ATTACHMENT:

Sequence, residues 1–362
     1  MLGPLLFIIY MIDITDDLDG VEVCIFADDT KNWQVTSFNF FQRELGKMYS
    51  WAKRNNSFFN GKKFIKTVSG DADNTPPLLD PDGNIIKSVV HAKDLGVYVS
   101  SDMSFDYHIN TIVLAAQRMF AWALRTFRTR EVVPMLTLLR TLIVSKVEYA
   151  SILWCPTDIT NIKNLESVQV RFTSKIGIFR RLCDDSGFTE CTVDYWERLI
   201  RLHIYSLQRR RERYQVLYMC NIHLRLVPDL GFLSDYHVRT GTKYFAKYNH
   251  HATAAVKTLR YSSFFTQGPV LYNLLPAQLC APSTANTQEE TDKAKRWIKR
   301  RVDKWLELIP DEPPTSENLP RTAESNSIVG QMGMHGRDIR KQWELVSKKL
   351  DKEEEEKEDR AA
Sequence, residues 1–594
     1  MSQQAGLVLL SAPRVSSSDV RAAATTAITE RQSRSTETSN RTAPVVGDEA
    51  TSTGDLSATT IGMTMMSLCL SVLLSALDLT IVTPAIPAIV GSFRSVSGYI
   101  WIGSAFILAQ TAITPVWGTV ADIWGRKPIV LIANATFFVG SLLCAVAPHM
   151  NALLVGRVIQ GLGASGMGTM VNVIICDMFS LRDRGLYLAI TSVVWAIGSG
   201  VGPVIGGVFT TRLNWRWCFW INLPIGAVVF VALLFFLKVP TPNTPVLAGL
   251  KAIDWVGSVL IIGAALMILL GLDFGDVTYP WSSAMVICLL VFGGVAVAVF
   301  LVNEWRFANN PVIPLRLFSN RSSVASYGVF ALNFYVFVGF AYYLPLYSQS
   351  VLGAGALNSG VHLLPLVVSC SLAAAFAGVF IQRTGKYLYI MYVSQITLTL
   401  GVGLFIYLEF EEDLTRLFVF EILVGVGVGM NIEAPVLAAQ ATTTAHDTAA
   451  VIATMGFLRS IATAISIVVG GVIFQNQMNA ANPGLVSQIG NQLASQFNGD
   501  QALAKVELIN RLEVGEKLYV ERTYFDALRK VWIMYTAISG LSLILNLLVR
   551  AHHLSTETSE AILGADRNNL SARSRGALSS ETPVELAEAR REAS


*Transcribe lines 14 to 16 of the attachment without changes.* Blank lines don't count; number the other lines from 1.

   151  NALLVGRVIQ GLGASGMGTM VNVIICDMFS LRDRGLYLAI TSVVWAIGSG
   201  VGPVIGGVFT TRLNWRWCFW INLPIGAVVF VALLFFLKVP TPNTPVLAGL
   251  KAIDWVGSVL IIGAALMILL GLDFGDVTYP WSSAMVICLL VFGGVAVAVF